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Electric vehicles 'cost-competitive by 2024-25': Oxford summit

  • Author
  • Henry Edwardes-Evans
  • Editor
  • Bob Matyi
  • Commodity
  • Electric Power

Oxford, England — Fully cost-competitive electric vehicles will be on European roads by 2024-25 if battery costs continue to fall at current rates, according to speakers at Oxford City Council's EV Summit 2018 at the Said Business School, Oxford.

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Lithium-ion battery costs in China, which meets a major tranche of global demand, are falling at around 10% a year, Bank of America Merrill Lynch vice president, automotive research Martyn Briggs said.

That meant battery-driven electric vehicles were on course to reach cost parity with diesel and gasoline cars by 2024 at the earliest, and 2030 at the latest depending on take-up of EVs and nickel and cobalt costs.

Bloomberg New Energy Finance's Colin McKerracher said cost parity would be reached around 2025.

Until then, policy support was needed to ensure EV demand continued to grow, driving the lithium-ion battery "learning curve."

Data showed that each time production volumes doubled, lithium-ion battery costs fell by 18%, McKerracher said.

"The learning curve is a powerful indicator of a technology's potential," McKerracher said, noting that lithium-ion battery pack costs had fallen from $1,000/kW in 2010 to $209/kW last year.

Volume growth would come primarily from China, which was targeting 7 million EV sales a year by 2025.

"China's industrial policy push is incredibly strong," he said. "There are national subsidies, regional subsidies and, most importantly, there are city-level policies."

In 2017, six Chinese cities accounted for 21% of global EV sales, having introduced restrictions on the purchase and use of internal combustion engine vehicles.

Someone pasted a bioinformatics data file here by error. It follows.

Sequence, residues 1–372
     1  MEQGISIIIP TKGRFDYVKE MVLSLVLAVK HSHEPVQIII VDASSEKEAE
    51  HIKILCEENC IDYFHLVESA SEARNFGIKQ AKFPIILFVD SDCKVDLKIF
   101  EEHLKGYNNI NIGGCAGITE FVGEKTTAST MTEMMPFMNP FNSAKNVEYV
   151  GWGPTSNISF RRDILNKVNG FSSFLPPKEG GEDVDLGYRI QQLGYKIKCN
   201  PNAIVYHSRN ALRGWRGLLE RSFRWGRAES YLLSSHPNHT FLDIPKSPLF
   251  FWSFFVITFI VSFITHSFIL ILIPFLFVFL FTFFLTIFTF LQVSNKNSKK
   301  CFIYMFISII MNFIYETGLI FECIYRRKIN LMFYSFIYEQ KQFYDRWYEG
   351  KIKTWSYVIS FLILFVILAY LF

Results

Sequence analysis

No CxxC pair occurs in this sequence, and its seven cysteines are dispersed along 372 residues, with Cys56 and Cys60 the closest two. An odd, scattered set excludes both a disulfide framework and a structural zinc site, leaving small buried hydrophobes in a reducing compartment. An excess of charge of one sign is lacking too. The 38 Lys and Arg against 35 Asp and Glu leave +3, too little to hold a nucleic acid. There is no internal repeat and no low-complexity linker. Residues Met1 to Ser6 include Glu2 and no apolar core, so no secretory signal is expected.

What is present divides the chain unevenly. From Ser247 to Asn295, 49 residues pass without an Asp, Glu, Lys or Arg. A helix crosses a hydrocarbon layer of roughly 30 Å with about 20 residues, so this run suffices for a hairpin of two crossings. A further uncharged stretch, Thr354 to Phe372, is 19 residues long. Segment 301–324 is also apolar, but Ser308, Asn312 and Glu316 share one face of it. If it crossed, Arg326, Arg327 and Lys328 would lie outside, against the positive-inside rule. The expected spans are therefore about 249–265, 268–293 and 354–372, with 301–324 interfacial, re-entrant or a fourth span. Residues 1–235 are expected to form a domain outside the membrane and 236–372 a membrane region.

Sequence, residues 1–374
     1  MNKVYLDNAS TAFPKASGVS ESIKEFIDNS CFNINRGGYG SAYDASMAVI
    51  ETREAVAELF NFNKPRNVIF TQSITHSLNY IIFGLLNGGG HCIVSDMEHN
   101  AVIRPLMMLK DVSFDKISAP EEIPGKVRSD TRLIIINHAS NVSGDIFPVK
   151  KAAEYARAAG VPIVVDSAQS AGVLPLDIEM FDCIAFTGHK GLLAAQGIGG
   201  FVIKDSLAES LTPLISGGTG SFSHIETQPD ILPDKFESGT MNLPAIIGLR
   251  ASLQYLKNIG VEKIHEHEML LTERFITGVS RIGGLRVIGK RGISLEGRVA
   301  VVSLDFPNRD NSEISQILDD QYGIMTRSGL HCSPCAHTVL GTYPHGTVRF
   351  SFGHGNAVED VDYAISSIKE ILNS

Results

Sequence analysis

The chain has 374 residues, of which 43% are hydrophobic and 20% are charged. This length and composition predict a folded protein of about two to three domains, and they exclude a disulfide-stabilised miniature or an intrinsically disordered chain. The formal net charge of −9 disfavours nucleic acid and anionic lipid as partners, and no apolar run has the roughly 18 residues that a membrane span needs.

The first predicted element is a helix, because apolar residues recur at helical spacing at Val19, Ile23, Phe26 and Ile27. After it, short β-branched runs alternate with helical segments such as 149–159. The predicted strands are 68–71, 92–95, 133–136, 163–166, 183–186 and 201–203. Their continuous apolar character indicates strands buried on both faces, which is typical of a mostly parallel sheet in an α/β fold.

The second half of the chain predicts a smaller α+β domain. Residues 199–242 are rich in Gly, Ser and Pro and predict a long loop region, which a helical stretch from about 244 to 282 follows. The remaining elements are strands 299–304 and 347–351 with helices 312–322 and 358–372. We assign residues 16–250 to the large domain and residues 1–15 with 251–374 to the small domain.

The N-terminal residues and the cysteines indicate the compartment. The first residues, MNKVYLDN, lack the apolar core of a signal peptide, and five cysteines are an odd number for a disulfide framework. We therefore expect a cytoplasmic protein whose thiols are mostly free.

"We're at the very start of seeing city-level policies around the world driving EV numbers up," he said.

At a more modest level, UK city councils were spearheading EV infrastructure investment, Oxford City Council Leader Susan Brown said.

"We are committed to introducing a zero-emission zone in Oxford city center, banning diesel and petrol vehicles in stages between 2020 and 2035, taking [nitrogen oxides] to near-background levels," she said. Other cities like Nottingham, Bristol and Dundee were following similar paths, she said.

Noting that the UK was at risk of missing its fourth and fifth carbon budget targets because of a failure to tackle transportation emissions, Brown said the onus was on cities to "build our own infrastructure, accelerate the transition and reduce the health impacts" of harmful emissions.

Eric Ling from Vivid Economics noted that a number of UK organizations, including power industry association EnergyUK and parliament's Committee on Climate Change, had called for an acceleration in EV adoption, bringing forward to 2030 the government's 2040 commitment to phase out diesel and petrol cars and vans.

"Falling battery costs, and their impact on the underlying costs of EVs, meant that this shift may not be as radical as it seems," Ling said.

The latest projections imply that a battery pack for a 240-km EV in 2030 would cost "just a couple of thousand pounds. Add that to the purchase price of an EV and that is a 10% to 15% increase on that price. On a total cost of ownership basis, by 2030 that vehicle is a cheaper option [than a diesel/petrol vehicle]," Ling said.

A big chunk of the savings came from reduced running costs assuming smart charging habits. "We calculate that allowing cars to charge overnight could cost in total around GBP100 ($132) a year on a domestic electricity bill," Ling said.

While a transition to EVs was assured, there were risks associated with perceived opportunities, he said.

Research suggested people needed to see an extensive and visible charging infrastructure to even consider switching to an EV, "but we also know that once they have an EV they tend to charge at home. And as battery costs come down and driving ranges increase, it is not clear how much that charging infrastructure would need to be used," Ling said.

The fundamental aim of E.ON's e-mobility strategy, meanwhile, was to connect cities, said Mathias Wiecher, head of ultra fast charging at E.ON Solutions.

E.ON is developing a network of fast charging stations on continental European motorways linking seven countries, providing 20-minute charge times, which is "close to a normal break needed on longer journeys," he said. "We are investing a lot of time and effort into turning that 20 minutes into what we call a meaningful break for work and rest."

The German company was working on a "new ecosystem of partners, including Tank&Rest, Clever, Chargepoint, ABB and automakers like Nissan, to create this European network of autobahn charging stations," he said. --Henry Edwardes-Evans,

--Edited by Keiron Greenhalgh,